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I don't know what it means. It confusing me like it says noun is used before an adjective.

It's so confusing and troublesome.

Take a look:

  • Noun: a word that refers to a person, place, thing, event, substance or quality e.g.'nurse', 'cat', 'party', 'oil' and 'poverty'.

  • Verb: a word or phrase that describes an action, condition or experience e.g. 'run', 'look' and 'feel'.

  • Adjective: a word that describes a noun e.g. 'big', 'boring', 'pink', 'quick' and 'obvious'.

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    @Araucaria That "rubbish article" is the canonical answer. But I don't think concepts like these (in any terminology) can be taught by definitions, not even definitions with a few accompanying examples. For most people, learning them requires some patient, in-person interaction, as well as getting some experience with the language so you can understand what the concepts abstract from.
    – Ben Kovitz
    Mar 27, 2015 at 10:00
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    It starts off with "nouns are things" the very epitomy of bad grammar teaching!!! And EXACTLY the reason why the OP had to ask this question here. What kind of "thing" is arrival or massacre? Mar 27, 2015 at 10:03
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    @Araucaria I think it would be awesome if you wanted to contribute a canonical post and I would hope that you would write a clearer question than this one (or its duplicate ell.stackexchange.com/q/53630/9161) to start if off. A question written by someone who understands the issue would probably be easier for learners to find in a search, and could be framed in a way to make the answer clearer.
    – ColleenV
    Mar 27, 2015 at 14:35
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    @Araucaria Thanks for the suggestions for sources. I do think that the Wikipedia article needs a lot of work, and I took no offense. It's a collaborative work, anyway: I just modified what was already there, and there are many parts I don't like. The article is on traditional grammar generally: the way of thinking about grammar, with "eight parts of speech", that started in Ancient Greece, and was basically force-fit onto English.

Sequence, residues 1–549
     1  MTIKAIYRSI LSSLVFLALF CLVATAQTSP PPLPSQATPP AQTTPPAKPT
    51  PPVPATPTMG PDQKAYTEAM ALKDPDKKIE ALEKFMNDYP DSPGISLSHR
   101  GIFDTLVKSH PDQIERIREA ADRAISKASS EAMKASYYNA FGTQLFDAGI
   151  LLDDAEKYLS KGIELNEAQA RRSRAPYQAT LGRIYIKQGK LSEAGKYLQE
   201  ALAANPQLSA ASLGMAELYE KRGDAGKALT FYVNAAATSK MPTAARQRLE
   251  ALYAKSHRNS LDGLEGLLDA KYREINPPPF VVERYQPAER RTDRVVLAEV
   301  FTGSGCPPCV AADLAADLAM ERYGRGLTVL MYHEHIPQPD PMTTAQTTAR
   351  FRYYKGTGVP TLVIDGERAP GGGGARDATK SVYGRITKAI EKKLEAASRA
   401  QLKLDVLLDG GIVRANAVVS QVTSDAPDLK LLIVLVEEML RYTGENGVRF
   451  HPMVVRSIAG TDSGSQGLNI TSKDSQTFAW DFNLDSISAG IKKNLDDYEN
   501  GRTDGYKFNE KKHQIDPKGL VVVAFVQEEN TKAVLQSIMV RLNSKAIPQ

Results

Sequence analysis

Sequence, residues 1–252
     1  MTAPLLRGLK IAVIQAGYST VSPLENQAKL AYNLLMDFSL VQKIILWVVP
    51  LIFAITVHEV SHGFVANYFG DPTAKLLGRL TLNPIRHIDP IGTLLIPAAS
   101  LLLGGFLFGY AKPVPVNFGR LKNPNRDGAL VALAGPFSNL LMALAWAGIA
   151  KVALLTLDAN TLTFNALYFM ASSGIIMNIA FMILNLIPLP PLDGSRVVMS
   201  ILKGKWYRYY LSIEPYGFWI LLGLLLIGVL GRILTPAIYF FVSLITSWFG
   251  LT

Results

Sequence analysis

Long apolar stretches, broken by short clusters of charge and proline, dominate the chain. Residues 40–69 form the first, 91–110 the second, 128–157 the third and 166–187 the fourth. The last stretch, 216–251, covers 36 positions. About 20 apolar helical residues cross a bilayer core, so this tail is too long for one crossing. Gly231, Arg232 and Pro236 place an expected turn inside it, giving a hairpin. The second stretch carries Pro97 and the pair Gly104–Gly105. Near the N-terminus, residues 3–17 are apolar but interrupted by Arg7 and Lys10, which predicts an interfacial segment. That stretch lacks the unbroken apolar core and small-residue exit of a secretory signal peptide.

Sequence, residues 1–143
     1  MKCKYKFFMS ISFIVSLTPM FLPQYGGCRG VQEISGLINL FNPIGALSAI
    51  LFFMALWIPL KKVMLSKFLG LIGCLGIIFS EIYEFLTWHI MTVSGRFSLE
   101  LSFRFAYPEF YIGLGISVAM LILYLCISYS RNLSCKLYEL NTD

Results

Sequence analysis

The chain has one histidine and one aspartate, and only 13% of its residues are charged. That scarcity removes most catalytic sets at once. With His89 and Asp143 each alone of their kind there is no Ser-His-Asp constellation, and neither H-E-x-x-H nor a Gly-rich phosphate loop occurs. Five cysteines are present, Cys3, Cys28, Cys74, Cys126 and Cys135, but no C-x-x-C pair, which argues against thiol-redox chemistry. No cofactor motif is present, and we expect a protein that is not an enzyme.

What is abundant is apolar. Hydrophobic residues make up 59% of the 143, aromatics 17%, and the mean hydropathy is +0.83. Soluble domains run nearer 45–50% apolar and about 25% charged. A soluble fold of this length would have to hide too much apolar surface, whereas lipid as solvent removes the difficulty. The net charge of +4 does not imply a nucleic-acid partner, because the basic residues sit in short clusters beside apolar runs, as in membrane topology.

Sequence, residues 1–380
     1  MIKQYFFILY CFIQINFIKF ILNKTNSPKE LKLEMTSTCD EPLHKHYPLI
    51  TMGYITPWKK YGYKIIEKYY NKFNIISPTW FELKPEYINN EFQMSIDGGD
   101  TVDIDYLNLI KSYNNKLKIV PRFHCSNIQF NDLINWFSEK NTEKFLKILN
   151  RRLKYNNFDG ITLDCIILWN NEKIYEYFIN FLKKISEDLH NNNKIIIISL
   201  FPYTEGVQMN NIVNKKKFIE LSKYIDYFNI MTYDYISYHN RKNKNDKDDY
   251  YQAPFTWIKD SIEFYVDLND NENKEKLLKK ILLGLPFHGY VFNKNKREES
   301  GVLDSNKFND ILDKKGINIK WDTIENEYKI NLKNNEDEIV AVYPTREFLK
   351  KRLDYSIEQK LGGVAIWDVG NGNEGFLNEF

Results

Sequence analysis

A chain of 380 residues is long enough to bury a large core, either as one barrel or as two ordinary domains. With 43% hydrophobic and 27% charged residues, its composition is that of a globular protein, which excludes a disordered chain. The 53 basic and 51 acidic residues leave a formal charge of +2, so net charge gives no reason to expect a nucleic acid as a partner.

– Ben Kovitz
    Mar 27, 2015 at 15:53
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    @Araucaria Looks like we both noticed the same thing (the Wikipedia article isn't just about English). I think it probably needs a total rewrite.
    – Ben Kovitz
    Mar 27, 2015 at 15:59

1 Answer 1

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Shamboo, I think I can give you a simple approach to help you get some intuitive understanding of these. I have been helping my son learn these recently.

it says noun is used before an adjective.

I'm not sure where you saw that, but you are right to feel confused about it! It is incorrect.

For now, just think of a noun as a person, place or thing. For example: mother, house, dog. You can say my mother, my forest, my dog. So, those are nouns.

Now let's do adjectives. The adjective tells us, in a small number of words, what kind of noun the noun is. Examples: a strict mother, a big forest, a friendly dog.

When you are looking at a sentence and you want to find the nouns, and the adjectives, please try to find words that seem similar to my examples.

Verbs can be a little harder to learn. There are two kinds. The first kind is a very small group of words. The most common one is "to be (am, are, is, etc.)." for example, She is hungry. This type of verb is similar to an equals sign: She = hungry.

The second kind of verb is an action word. You have to use energy to do an action! For example, She runs. She thinks. She cooks.

Verbs might look more complicated than that, for example She ran. She will think. She was cooking. But it's still the same idea.

I hope this helps.

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